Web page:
BALTIMORE (WJZ) — Former Baltimore Orioles manager and pitching coach, Ray Miller, died this week at the age of 75 the team confirmed in a statement. Miller joined the O’s organization in 1978 as pitching coach under managers Earl Weaver and Joe Altobelli, mentoring the starting rotation that played a key role in the team taking the 1983 World Series.
The Orioles statement reads:READ MORE: COVID-19 In Maryland: Hospitalizations & Positivity Rate Decline Saturday
“The Orioles are saddened to learn of the passing of long-time pitching coach, former manager and Orioles Hall of Famer, Ray Miller, who passed away yesterday. His legacy will be forever enshrined in our organization’s history, having guided some of the greatest Orioles pitchers including Jim Palmer, Mike Flanagan, Scott McGregor, Steve Stone and Mike Boddicker. We send our deepest condolences to his beloved family and his many friends throughout our game.”
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The Orioles are saddened to learn of the passing of longtime pitching coach, former manager, and Orioles Hall of Famer, Ray Miller. pic.twitter.com/eeazC8jGUS
— Baltimore Orioles 😷 (@Orioles) May 5, 2021
Born in Takoma Park, Maryland in 1945, Miller was an all-state baseball player in the area before signing with the San Francisco Giants in 1964. Over 10 seasons in the minor leagues, he never made it higher than Triple-A, but he had arguably his best season as a member of the Orioles organization when he went 7-5 with a 3.21 ERA across 47 appearances for the Triple-A Rochester Red Wings in 1972.
His coaching career began with the Red Wings, where he served as the team’s pitching instructor from 1974-77 before joining the Texas Rangers staff at the end of that season. In January of 1978, the Orioles pitching coach position opened and the Rangers released him from his contract to allow him to return to Baltimore.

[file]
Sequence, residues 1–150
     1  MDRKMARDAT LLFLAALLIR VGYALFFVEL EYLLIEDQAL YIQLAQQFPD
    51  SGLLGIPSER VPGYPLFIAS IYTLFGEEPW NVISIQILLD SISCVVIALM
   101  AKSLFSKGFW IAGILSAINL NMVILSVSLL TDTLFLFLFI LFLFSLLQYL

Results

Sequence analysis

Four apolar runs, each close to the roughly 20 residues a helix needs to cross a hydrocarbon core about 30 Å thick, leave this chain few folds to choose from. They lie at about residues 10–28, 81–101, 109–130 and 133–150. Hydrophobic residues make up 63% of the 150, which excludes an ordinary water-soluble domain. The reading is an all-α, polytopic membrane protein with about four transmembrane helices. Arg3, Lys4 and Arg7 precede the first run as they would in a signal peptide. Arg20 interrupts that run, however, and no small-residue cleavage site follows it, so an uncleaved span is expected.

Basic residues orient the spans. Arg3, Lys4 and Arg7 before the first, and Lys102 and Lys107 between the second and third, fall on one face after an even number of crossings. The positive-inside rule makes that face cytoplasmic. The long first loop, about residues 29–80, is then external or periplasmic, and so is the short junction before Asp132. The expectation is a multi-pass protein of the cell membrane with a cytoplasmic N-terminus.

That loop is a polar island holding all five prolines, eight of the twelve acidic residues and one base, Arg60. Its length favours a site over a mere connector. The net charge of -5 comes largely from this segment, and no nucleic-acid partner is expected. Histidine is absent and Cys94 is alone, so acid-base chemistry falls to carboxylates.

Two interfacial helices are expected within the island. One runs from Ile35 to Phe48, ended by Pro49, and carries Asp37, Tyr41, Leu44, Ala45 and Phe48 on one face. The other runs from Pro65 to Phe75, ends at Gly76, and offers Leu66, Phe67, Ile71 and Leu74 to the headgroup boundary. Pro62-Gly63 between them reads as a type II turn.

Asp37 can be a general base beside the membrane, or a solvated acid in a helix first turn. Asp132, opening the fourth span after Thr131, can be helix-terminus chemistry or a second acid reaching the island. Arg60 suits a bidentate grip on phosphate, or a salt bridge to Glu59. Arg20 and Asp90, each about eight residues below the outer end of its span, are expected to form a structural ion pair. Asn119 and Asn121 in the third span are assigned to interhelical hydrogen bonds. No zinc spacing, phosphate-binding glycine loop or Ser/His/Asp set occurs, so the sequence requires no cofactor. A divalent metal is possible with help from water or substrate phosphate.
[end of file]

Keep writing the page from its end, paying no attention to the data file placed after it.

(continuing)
Under his tutelage, Mike Flanagan and Steve Stone won back-to-back Cy Young awards in 1979 and 1980 respectively. The team won the American League pennant in 1979 before going on to win the World Series in 1983.
His first managerial opportunity came with the Minnesota Twins, taking over the team midseason in 1985 and leading them back to .500 by year’s end after being 20 games below when he started. However, after the team struggled during the 1986 season, Miller was let go in September with a 59-80 record.
From there, he became Jim Leyland’s pitching coach in Pittsburgh for 10 seasons, during which time he oversaw Doug Drabek’s Cy Young award winning 1990 campaign. Miller returned to Baltimore in 1997 as pitching coach for Davey Johnson before taking over the manager’s job in 1998. Over two seasons as manager with the O’s Miller’s teams posted a 157-167 record finishing fourth in the American League East each season.MORE NEWS: 12-Year-Old Girl Hospitalized After Baltimore Hit & Run
He returned to coach the O’s one final time in 2004 and 2005 but had to resign from the role due to a surgery to correct an aortic aneurysm. Miller was then inducted into the Orioles Hall of Fame in 2010.